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RESIDENT CORNER
Year : 2021  |  Volume : 4  |  Issue : 1  |  Page : 117-118

The transition of academic meetings in 2020


Department of Ophthalmology, Tung Wah Eastern Hospital, Hong Kong, China

Date of Submission03-Jan-2021
Date of Decision01-Feb-2021
Date of Acceptance01-Feb-2021
Date of Web Publication26-Mar-2021

Correspondence Address:
Sunny Chi Lik Au
9/F, MO office, Lo Ka Chow Memorial Ophthalmic Centre, Tung Wah Eastern Hospital, 19 Eastern Hospital Road, Causeway Bay, Hong Kong
China
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Source of Support: None, Conflict of Interest: None


DOI: 10.4103/crst.crst_1_21

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How to cite this article:
Au SC. The transition of academic meetings in 2020. Cancer Res Stat Treat 2021;4:117-8

How to cite this URL:
Au SC. The transition of academic meetings in 2020. Cancer Res Stat Treat [serial online] 2021 [cited 2021 Apr 23];4:117-8. Available from: https://www.crstonline.com/text.asp?2021/4/1/117/312057



The coronavirus disease-2019 (COVID-19) pandemic[1] severely impaired the academic conferences in 2020, leading to the cancellation of majority of them.[2] Almost all signature meetings were conducted virtually.[3] The pandemic gave us an opportunity to reflect on the purpose and significance of academic conferences and the pros and cons of virtual conferences and webinars. It also helped us to understand how we could utilize the opportunities presented to us by these virtual conferences.[4]


  Traditional Conferences Top


Conferences organized by the national and international academic bodies are mainly focused on the clinical and basic research. While some are dedicated to specific subspecialties in the field, others involve general practices or include all subspecialties. By attracting a large audience, organizers not only improve their reputation but also raise funds for academic groups and universities.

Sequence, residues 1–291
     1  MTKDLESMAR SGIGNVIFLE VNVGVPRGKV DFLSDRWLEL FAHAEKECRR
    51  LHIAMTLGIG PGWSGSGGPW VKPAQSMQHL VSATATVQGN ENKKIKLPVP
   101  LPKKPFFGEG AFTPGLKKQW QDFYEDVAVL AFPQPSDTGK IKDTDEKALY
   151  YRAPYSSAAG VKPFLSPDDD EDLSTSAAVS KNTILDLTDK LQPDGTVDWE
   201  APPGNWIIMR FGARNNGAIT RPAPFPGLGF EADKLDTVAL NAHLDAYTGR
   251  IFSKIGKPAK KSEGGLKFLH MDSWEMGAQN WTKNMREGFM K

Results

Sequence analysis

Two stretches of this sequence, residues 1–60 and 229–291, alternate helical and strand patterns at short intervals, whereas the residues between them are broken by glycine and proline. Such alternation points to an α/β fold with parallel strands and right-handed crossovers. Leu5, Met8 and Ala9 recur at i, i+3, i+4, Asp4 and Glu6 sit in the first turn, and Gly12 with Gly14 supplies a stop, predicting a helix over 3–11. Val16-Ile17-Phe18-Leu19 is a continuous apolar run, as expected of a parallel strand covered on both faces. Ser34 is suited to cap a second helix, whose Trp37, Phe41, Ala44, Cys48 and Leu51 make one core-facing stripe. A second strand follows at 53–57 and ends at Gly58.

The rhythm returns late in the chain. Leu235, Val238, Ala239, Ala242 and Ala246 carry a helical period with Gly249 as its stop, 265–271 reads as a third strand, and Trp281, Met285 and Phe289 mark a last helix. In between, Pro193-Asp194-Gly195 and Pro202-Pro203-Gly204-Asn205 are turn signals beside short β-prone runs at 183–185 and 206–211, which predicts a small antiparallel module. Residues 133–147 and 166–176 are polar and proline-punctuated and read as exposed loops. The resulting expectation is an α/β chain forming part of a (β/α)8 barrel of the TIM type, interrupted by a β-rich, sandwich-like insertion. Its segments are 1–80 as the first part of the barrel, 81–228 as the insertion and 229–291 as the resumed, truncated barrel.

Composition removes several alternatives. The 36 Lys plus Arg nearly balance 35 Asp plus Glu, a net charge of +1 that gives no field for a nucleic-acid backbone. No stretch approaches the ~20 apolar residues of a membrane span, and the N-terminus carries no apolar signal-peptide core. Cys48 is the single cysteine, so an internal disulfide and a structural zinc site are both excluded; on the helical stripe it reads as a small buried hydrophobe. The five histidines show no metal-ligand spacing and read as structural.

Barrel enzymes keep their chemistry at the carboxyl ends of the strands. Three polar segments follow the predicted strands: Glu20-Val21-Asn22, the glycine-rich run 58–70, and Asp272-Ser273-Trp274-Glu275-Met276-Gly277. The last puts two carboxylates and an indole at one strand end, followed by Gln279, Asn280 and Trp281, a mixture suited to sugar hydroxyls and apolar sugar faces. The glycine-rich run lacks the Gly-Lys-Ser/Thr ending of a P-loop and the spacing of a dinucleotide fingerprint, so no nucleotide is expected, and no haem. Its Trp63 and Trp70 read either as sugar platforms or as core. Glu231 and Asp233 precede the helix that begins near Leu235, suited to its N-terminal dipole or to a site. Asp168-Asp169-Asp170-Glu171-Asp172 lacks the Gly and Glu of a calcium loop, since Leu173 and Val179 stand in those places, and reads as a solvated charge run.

Conferences provide knowledge about certain aspects that cannot be attained by studying published literature alone. Thus, they offer delegates an opportunity to learn and enrich their knowledge. Besides, the delegates can visit various exhibition booths, inquire about new products and equipment, and even request special offers on purchases. Attending a congress may be expensive taking into account the registration fee, travel, accommodation, living, entertainment, and other expenses, but many of these expenses are tax deductible. Nevertheless, it may not be affordable, especially for young residents or those from developing countries. Practitioners from some countries could even face difficulties in obtaining a visa. Conferences usually take few days to even a week of time; attendees have to take some days off of work, which may reduce their productivity and income, and sometimes disrupt the care of their patients. Therefore, the dates and venues for important meetings are usually announced one to several years in advance, so practitioners can plan well ahead.